AUGUSTA, Ga. — You can love Tiger Woods, love him, dislike him, or even hate him.
But, purely as a golfer, he deserves your respect.
Woods the person has always been complicated. He has at times displayed an arrogance and an aloofness that has portrayed him as unapproachable, unrelated, and difficult to embrace. Of course, in his personal life, there was the marital infidelity scandal that turned so many people off.
But Woods, the golfer, has been a lot since he showed himself to the world 25 years ago this week with his record-breaking, earth-shattering victory at the 1997 Masters – the first of five Green Jackets he has won – and each of these things have been admirable.
Woods’ God-given talent, of course, is otherworldly. You know the record 82 PGA Tour wins and 15 major championship wins, behind only Jack Nicklaus’ 18. All this is written in the book of records.
You also know about all the multiple back and knee surgeries that Woods has come back from over the course of his career, and most recently his remarkable return to competitive golf after the horrific car accident he was in away from home. from Los Angeles less than 14 months ago. left his right leg so badly mutilated that Woods said doctors were considering amputation. All of this is well documented.
What isn’t written in the hospital records or records is Woods’ inner strength, his mental toughness.
I never thought there was even a remote possibility of Woods playing in this Masters — mainly because the walk is so tough around the rolling emerald turf of Augusta National.
I’ve always believed Woods’ best first chance to play golf again would be the British Open in St. Andrews, where the ground is as flat as a basketball court and where he’s won twice.
Yet here it is this week, defying the odds.
After his eye-opening 1-under 71 in the first round, Woods spent the first five holes of the second round Friday playing on the wrong side of the cut line with four bogeys.
He had gone from 1-under and a legitimate contender to 3-over with four bogeys on his first five holes.
It didn’t look good. Then we saw what might be Woods’ greatest trait on the golf course: his unwavering will to grind.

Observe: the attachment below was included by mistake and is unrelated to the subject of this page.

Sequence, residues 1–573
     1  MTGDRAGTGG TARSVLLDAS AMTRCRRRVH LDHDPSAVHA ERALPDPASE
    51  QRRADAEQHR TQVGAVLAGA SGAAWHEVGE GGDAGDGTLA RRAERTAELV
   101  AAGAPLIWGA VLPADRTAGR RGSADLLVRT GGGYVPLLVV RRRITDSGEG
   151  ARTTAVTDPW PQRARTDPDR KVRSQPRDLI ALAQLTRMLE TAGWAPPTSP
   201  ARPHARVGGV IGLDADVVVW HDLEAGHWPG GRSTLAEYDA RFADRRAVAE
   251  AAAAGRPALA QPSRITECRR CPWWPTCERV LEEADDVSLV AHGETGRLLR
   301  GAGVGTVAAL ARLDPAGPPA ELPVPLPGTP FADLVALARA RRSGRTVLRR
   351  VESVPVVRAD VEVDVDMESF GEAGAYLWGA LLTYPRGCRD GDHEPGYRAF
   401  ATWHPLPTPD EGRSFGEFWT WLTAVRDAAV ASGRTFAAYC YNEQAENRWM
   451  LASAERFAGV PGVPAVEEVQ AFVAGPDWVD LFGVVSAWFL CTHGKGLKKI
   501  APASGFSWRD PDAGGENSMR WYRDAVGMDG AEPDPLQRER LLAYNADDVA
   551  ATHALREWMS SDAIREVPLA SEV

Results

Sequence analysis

Staggered by the poor start, Woods showed an iron chin and came back to 1-over, not only making the cut, but at least giving himself a punching chance to chase leader Scottie Scheffler, whom he is trailing from nine shots, in the next 36. Holes.
“Hey, I made the cut,” Woods said. “I have a chance to go into the weekend. I hope I have one of those light bulb moments and turn it on over the weekend and do it. You’ve seen guys do it with a chance to get into the back nine. If you’re in the five or six before the back nine, anything can happen. I need to get there. This is the key. I need to get there.
“[Saturday] will be a great day. I have to go out there and run my business and get into the red and give myself a chance to get into that back nine on Sunday.
Despite all of his incredible physical gifts, Woods’ mind has always been his most underrated and underrated weapon on the golf course. He never gives up. That’s why I’ve always believed that his greatest, most impressive and unbreakable record is the streak of 142 consecutive cuts he made from 1998 to 2003.
This type of grind defines Woods better than anything. And that kind of grinding was in the spotlight Friday around Augusta.
Woods wobbled, even fell, but he kept getting up, refusing to let the dream die.
“I felt good the way I fought back,” Woods said. “I could have easily kicked myself out of the tournament, but I held on. I got back into the ball game. It was a good fight.”
Woods hasn’t lost many fights on the golf course.
“He’s the best competitor I’ve ever seen,” said USA Ryder Cup captain Zach Johnson.
To further put Woods’ remarkable week into perspective, consider the big names who won’t be playing this weekend as Woods continues his relentless pursuit of another jacket: Brooks Koepka, Bryson DeChambeau, Xander Schauffele and Jordan Spieth all missed. the cup.
“I’m amazed that he was able to come back and play in the Masters, but if there was anyone I ever knew who could do it, it would be him,” said Stewart Cink.
“I could give you 25 accolades he has and there are even more,” Will Zalatoris said. “Obviously he has won here five times. It has 15 majors. He has won 82 times. He is the greatest of all time. You could say it’s probably his best achievement.
I don’t think there’s an argument there.